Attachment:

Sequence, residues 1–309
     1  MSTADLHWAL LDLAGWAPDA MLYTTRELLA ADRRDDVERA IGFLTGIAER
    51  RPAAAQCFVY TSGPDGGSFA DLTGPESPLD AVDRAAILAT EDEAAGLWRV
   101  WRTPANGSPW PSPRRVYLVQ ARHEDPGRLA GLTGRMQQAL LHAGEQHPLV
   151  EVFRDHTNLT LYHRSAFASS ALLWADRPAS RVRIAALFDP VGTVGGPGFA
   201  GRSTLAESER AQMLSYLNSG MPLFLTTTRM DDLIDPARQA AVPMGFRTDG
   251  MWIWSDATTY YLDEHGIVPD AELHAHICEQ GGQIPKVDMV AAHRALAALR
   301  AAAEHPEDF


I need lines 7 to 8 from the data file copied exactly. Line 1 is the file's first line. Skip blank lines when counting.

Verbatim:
   251  MWIWSDATTY YLDEHGIVPD AELHAHICEQ GGQIPKVDMV AAHRALAALR
   301  AAAEHPEDF